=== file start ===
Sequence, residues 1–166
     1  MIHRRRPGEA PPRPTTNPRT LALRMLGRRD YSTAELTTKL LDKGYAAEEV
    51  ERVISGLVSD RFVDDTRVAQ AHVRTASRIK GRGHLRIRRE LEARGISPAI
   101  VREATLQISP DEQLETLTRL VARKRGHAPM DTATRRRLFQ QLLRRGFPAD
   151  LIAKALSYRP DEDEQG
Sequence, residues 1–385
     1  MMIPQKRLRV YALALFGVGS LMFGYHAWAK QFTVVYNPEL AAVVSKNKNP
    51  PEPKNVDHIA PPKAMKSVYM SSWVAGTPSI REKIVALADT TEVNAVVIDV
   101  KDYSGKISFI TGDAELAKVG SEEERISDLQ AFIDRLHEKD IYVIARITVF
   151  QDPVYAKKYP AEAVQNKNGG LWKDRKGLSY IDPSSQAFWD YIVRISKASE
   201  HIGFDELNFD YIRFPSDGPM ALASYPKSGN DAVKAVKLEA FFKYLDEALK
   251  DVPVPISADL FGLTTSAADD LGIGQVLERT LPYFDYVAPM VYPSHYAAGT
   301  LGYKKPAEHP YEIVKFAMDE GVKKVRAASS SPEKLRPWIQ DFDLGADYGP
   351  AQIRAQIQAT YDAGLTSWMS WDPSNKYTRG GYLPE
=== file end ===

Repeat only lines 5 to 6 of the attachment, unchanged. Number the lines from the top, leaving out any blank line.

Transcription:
   151  LIAKALSYRP DEDEQG
Sequence, residues 1–385